Hi everyone! *dusts cobwebs off website* I haven’t been around much lately but thanks to those of you who have sent me happy wishes to return soon. Jessica Buttram and I were talking about my necessary blogging hiatus when I hinted about how nice it would be to have a guest post from her brilliant little mind while I’m otherwise detained. She asked what she should write about. I told her that I love reading her stuff so much that she could write about her grocery list and I would be entertained. So that’s what she did! Sort of.
Jess is here today to break down the world of food shopping along tribal lines. She’s also from the South which is where I’m heading this afternoon as I fly to Florida in just a few hours to meet my newest nephew! Enjoy this guest offering from J Butt, America’s sweetheart and my hero. We may disagree on the legend of Walmart, but I would follow her to the murky depths of a clearance bin. Take it away Jess.
I spend a lot of time in grocery stores. I cater to two hungry man-childs, plus a very picky Bean who sprouts more each day. And thanks to my extensive Cheese Puff binge academic research, I have noticed a subtle but present hierarchy to these stores. And imma ’bout to fill you in.
At the very bottom of this hierarchy is the Untouchables. This is OBVIOUSLY Walmart. Common knowledge, right? I mean, show me a person who ENJOYS going to Walmart, and I’ll show you a person two steps and a Yorkie away from being on Animal Hoarders [Ed. note: I go to Walmart AND own a Yorkie AND can take a hint ].
Walmart is the festering sore in American capitalism. It’s Mad Cow Disease, which is a fitting metaphor, because every time I step foot in that place, my eyes roll back into my head, my lip curls into a sneer on its own volition, and I tend to push my cart up and down aisles rather violently. Also? I am perfectly okay with leaving said cart of destruction in the middle of the parking lot. I don’t return it to the corral, you guys, and I’M OKAY WITH THAT. It’s like I don’t even recognize myself.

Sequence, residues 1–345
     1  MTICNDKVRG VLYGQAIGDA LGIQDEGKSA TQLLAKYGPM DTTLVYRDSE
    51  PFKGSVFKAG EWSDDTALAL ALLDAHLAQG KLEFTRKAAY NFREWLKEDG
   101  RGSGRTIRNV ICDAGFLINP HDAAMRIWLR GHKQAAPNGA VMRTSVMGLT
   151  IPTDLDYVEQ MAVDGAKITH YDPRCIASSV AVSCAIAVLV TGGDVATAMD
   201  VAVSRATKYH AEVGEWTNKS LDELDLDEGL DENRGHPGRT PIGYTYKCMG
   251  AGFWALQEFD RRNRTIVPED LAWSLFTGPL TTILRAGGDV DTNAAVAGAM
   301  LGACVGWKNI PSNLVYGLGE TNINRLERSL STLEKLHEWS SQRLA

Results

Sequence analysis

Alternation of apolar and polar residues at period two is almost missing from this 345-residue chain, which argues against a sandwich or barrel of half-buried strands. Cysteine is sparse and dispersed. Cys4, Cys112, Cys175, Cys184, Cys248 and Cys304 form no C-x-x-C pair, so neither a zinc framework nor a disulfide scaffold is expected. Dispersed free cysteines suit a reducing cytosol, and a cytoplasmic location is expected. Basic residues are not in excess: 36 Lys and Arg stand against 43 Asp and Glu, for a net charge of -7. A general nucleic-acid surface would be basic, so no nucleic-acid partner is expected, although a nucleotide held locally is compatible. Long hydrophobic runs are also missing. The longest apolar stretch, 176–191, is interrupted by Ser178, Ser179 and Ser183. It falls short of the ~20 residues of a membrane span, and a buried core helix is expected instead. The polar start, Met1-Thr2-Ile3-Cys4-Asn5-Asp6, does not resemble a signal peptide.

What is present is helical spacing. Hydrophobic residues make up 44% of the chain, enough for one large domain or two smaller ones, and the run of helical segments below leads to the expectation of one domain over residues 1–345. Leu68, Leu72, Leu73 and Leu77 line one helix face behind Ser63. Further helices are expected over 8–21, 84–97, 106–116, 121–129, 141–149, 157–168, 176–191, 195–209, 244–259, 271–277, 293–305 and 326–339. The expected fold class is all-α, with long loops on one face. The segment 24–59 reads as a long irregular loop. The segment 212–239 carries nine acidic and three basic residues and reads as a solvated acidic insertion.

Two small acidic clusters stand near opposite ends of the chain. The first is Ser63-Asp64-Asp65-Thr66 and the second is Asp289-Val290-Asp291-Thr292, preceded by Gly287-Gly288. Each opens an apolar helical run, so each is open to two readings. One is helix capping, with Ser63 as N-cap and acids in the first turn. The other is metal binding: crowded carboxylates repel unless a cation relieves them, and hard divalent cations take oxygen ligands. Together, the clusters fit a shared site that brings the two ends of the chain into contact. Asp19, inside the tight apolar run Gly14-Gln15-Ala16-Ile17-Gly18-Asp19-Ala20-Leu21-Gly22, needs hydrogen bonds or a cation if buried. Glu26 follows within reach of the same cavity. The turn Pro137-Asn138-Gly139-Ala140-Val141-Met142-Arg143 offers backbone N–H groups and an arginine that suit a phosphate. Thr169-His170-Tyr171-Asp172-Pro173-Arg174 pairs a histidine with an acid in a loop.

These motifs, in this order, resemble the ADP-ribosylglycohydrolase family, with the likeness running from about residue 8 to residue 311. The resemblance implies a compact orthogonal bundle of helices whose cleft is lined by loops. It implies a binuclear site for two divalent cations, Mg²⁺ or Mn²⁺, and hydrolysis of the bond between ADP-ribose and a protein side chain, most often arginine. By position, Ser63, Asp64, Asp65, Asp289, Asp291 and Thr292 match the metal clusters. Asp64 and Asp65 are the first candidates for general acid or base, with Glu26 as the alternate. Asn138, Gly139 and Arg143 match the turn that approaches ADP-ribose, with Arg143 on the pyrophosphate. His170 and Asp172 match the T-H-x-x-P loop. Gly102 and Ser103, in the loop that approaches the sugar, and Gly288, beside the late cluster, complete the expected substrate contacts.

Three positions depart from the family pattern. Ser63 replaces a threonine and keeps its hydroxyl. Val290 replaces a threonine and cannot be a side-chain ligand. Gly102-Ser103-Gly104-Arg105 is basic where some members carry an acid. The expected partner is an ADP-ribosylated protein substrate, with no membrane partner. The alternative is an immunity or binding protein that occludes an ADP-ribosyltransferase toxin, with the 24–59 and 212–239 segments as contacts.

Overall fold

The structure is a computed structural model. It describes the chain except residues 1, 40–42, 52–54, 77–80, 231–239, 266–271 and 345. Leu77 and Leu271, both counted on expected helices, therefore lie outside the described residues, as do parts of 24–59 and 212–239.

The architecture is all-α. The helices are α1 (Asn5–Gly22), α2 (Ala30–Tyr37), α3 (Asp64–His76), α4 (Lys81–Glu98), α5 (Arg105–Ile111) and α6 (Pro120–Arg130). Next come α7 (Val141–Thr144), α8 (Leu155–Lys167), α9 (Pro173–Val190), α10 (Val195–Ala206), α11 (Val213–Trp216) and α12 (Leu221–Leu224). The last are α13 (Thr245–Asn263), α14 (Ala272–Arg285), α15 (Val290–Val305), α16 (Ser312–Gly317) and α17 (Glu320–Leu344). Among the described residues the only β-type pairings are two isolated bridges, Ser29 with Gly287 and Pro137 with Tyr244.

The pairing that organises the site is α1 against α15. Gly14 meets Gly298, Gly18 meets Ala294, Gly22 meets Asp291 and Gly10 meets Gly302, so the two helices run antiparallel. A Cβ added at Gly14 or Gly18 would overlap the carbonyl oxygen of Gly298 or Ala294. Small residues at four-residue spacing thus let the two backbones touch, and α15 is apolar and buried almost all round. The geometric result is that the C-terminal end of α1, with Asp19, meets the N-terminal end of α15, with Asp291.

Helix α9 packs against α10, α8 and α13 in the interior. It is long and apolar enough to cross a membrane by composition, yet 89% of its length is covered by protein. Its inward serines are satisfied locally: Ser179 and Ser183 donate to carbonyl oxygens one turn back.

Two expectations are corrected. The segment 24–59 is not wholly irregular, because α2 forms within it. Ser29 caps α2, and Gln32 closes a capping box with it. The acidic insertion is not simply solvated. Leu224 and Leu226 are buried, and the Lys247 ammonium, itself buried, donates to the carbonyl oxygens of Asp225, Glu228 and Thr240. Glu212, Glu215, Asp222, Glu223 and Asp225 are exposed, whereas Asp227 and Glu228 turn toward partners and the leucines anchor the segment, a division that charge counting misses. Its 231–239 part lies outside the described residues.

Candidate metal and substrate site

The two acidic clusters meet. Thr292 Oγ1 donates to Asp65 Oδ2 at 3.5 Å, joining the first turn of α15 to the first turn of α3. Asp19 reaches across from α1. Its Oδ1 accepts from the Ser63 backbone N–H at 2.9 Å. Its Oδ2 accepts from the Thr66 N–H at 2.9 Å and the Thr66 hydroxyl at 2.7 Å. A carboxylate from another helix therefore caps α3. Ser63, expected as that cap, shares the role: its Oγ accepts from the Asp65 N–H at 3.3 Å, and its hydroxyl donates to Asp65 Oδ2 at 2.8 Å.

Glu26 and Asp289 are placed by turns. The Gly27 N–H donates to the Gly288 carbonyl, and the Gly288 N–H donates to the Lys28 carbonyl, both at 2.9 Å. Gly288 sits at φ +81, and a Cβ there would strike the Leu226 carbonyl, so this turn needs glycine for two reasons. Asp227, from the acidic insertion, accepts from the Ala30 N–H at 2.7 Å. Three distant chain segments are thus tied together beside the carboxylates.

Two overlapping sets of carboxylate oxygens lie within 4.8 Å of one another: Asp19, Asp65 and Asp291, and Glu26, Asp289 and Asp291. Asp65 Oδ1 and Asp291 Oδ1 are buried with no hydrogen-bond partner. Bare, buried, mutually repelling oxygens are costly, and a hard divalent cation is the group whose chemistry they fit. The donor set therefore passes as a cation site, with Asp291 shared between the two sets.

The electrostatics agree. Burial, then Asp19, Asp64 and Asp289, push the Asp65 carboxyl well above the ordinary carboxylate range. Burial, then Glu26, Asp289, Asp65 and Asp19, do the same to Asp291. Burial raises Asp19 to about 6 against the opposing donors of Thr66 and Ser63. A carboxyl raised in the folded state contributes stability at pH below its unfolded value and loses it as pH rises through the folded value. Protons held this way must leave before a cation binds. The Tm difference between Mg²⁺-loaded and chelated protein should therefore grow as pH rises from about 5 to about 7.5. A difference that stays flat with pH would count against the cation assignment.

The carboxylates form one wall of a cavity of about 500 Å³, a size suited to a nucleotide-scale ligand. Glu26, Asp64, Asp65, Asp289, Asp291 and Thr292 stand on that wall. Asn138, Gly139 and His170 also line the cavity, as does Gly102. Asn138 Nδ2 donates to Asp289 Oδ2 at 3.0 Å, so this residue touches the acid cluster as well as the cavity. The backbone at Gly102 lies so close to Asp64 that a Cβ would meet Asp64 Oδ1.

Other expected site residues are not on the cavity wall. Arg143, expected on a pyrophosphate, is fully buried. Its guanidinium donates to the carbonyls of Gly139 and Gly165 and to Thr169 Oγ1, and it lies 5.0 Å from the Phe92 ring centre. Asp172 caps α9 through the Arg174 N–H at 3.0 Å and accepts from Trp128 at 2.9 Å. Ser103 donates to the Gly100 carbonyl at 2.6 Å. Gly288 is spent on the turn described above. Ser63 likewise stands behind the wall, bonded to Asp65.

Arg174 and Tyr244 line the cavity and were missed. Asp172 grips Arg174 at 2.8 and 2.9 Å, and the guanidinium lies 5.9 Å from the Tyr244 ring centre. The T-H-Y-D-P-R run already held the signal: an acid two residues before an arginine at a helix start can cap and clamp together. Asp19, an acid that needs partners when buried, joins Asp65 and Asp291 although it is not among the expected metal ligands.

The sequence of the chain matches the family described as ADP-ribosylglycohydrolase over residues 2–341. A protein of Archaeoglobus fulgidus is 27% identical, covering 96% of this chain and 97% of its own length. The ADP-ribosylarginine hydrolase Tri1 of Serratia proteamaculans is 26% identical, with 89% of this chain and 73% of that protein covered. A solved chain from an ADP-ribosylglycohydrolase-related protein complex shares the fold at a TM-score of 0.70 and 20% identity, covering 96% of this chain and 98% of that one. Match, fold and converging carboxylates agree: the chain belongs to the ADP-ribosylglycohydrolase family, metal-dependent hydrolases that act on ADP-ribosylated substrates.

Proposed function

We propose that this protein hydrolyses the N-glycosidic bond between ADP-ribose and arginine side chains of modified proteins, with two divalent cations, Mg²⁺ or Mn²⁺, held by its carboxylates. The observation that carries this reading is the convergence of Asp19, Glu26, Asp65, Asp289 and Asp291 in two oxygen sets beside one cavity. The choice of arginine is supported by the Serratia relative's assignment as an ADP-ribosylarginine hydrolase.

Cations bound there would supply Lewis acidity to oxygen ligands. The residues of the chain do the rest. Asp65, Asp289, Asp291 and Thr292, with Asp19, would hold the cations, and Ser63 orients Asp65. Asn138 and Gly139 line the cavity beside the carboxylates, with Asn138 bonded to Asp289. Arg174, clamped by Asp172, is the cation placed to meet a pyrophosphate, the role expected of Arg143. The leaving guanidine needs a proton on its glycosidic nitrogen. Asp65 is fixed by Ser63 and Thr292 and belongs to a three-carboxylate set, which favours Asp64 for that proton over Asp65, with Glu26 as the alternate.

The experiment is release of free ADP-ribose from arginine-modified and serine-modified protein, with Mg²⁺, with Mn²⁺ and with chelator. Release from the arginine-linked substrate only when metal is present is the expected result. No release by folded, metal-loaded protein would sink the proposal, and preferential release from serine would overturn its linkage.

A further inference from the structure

The ONLY time I go to Walmart is on Thanskgiving Day because it’s the only place open and someone inevitably forgets to get the jellied cranberry sauce. Every year. The only other time I plan on going there is in case of apocalypse, because where else will you find industrial-size canned beans, bottled water, a hunting knife, and camo pants all in one place?
Then, skipping over to the Working Class, we have Food City. It’s the closest one to my house, and they have a gas station that gives you a 15-cent discount with your Frequent Shopper card, but they NEVER have Honey Bunches of Oats Just Bunches! That’s a deal breaker, you guys.
Plus, they have these weird carts that place the child in the front seat LEVEL with the groceries in the back. Raw meat + carton of eggs / headstrong toddler within arm’s reach of it all = _______? I majored in math, so TRUST ME, folks. The answer is DISASTER. (I’ll also accept SALMONELLA.)
As for the Upper Middle Class, we have Kroger, where I do a solid portion of my grocery shopping. I know this classification isn’t true across the board of Krogers, but ours is brand new and it’s like the Sears optometrist of grocery stores. Still technically considered working class, but of the white collar variety. It can afford to buy its daughter braces and a private school education and a gently used car when she turns sixteen.
My particular Kroger has two RedBox kiosks, a Sonic across the parking lot, AND an entire section of the store devoted to vegans. Not that I’m a vegan, but I respect them, with their soy bean cheese and flax seed Toms. Also, their sustainable-earth granola beats our processed granola EVERY TIME. (I am just now realizing that granola is a pretty heavy-weighing factor in my judgment.)
Walking into Kroger I actually feel calmer. My fridge might be empty and all I have to make for dinner is toast, but IT’S OKAY, PEOPLE, CALM DOWN. We’re in KROGER now.
The store is usually populated with other trophy wives and their adorable offspring, so it’s like our headquarters. Our hub, if you will. And they just smile and nod in understanding when they witness my child throwing a fit because I won’t let her chew on a raw potato…because next week it’ll be their kid. Kinship, you guys. I LOVE IT.
The produce there is fresh and pretty, the meat is never leaky, they often give Bean stickers and a balloon that says, “I’ve been Krogering!” and they ALWAYS offer to walk me to my car. Please and thank you, sir.
And Whole Foods? That’s pretty much Bollywood.
I know I’m missing the Publixes and the Food Lions, and tragically ignoring the Winn-Dixies, so tell me: where do you shop on the totem pole of grocery stores and how much do you hate leaky meat packaging?